The Interfraternity Council is planning to add a diversity chair to their executive committee, similar to the position created by the Panhellenic Council earlier this semester.
This comes after an incident at Phi Gamma Delta, commonly known as FIJI, when a member who named his beer pong team “VietPong” received backlash from the Asian community at Penn.
“We’re still figuring out what the responsibilities would be and how it will work, but after the FIJI incident we are looking towards accelerating the introduction of a diversity chair position,” IFC President and College junior Bradley Freeman said.
Freeman also said the IFC is planning on recording member attendance at the sensitivity presentations that fraternities are required to attend after recruitment, and making them public in order to encourage a sense of cultural and social responsibility within chapters.
“It’s always been a priority of the IFC to get that education,” Freeman said. “One of the things I ran on when becoming IFC president was to promote accountability for chapters. We want to make sure chapters are held accountable for their actions. Student bodies have the right to know ‘Chapter X’showed up if they had the chance to attend the programming and get the education.”
However, some affiliated students feel that education is not the only solution to solving the problem of cultural insensitivity within Greek life. President of the Intercultural Greek Council and College junior Angie Wang says the issue has deeper roots.
“I think, on a base level, that there is a societal norm especially in Greek life to tolerate these acts. What it comes down to is that a cultural shift needs to happen in groups,” Wang said. “People are hesitant to speak up when things like this happen. We should be finding a way to promote and foster that sort of culture to speak up.”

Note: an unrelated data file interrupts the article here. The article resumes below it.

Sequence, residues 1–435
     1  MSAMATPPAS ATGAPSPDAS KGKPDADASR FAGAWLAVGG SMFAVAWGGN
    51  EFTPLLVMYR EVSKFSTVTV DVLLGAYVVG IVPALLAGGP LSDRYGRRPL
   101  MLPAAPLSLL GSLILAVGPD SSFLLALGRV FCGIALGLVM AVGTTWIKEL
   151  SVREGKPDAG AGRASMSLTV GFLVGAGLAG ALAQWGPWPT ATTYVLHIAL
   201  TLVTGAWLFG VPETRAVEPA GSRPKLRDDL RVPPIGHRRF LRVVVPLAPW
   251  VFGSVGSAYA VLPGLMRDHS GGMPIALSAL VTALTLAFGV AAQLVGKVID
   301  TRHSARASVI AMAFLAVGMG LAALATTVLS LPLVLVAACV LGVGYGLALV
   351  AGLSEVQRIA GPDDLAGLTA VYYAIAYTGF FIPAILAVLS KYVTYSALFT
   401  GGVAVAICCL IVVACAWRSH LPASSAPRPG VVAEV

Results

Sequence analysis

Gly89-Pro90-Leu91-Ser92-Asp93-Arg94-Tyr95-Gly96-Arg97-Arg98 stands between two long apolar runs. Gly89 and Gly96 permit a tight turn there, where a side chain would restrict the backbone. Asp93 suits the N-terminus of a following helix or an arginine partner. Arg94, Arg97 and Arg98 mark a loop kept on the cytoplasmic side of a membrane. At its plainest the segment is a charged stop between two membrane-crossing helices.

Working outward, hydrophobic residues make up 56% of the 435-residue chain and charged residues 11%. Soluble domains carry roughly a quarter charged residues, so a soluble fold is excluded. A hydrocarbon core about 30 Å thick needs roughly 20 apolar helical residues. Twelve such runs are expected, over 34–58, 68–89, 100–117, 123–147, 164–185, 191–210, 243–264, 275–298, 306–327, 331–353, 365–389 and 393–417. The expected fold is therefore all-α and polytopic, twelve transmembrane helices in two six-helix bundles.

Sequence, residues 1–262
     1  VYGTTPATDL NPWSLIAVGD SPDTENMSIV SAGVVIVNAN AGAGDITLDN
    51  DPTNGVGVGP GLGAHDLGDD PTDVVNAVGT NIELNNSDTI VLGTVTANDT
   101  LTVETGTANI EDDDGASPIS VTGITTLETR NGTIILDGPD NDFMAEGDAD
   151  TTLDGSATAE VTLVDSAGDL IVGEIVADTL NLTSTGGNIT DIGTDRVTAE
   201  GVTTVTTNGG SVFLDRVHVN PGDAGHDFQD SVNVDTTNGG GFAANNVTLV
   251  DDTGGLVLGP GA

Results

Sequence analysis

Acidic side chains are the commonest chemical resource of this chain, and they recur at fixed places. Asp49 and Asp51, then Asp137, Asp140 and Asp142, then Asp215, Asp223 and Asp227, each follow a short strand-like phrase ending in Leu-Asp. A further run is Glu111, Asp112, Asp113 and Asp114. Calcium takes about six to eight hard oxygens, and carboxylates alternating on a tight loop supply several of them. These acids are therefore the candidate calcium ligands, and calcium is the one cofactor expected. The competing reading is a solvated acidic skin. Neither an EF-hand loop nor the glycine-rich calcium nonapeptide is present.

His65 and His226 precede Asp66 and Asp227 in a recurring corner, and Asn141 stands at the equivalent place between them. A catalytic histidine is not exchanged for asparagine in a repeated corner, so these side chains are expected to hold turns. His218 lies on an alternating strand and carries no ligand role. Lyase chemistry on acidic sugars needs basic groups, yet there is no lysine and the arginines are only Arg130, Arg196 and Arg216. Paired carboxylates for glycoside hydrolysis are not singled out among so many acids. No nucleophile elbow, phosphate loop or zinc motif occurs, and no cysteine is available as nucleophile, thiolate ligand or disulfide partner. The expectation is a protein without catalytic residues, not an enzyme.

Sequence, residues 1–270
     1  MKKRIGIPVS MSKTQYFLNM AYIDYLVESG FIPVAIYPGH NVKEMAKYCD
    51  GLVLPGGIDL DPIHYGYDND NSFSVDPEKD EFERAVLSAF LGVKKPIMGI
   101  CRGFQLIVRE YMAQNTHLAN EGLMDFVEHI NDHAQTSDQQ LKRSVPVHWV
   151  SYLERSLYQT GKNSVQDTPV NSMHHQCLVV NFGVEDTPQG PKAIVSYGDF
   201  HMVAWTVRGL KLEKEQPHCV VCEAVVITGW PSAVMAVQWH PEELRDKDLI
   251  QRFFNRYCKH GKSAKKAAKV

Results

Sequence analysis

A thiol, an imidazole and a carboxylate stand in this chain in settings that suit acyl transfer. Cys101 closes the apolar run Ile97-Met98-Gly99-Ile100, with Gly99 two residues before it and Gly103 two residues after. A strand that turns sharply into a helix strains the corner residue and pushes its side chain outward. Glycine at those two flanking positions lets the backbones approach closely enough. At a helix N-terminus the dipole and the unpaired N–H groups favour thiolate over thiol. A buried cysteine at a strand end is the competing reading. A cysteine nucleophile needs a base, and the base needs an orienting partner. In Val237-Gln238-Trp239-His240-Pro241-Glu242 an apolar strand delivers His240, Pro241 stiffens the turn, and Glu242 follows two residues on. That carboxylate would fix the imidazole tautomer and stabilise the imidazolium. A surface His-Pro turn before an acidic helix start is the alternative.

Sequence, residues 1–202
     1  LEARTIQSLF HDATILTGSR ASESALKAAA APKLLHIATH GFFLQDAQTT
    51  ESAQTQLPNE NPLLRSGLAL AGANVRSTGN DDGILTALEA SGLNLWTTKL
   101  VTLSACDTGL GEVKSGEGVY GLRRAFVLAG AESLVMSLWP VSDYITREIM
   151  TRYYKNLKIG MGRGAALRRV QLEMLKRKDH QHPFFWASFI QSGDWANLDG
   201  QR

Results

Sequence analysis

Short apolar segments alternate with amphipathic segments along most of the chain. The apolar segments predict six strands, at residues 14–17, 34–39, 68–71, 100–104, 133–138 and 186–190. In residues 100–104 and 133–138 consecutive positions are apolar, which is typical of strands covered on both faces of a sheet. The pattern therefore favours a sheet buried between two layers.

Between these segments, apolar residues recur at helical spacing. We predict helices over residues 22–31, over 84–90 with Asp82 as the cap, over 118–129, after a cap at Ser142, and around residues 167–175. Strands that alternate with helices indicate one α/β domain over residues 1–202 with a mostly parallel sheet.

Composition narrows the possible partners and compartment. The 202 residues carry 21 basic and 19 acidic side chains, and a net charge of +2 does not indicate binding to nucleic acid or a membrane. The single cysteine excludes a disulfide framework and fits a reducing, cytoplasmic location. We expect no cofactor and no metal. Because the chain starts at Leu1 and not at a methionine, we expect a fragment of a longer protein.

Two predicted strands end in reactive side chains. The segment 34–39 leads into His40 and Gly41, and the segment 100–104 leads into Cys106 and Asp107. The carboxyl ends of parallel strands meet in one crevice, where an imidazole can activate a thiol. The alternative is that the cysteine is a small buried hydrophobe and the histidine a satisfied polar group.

College senior and member of Delta Psi — also known as St. Anthony Hall — Carter Lewis added that greater discussion between chapters and members in Greek life is necessary in order to encourage cultural awareness.
“The more you can get frats to talk to each other and have a sit down discussion, people learn from it,” Lewis said. “You know you can’t just call yourself ‘VietPong.’ The issue is larger than offending minority groups. It reflects poorly on the school.”
Lewis also noted the levels of diversity within Greek life as one of the reasons for a general lack of understanding of what is culturally appropriate. He added that encouraging diverse recruitment during the rush season could be a potential solution.
“Penn is a very diverse school, but Greek life tends to be the same kind of people. You see the same exact type of kids getting recruited by the same frats,” Lewis said. “But if there was a way to make sure that you are not excluding anybody early on then what will happen is that you’ll have different types of kids, different types of personalities and different types of backgrounds. I think that would help.”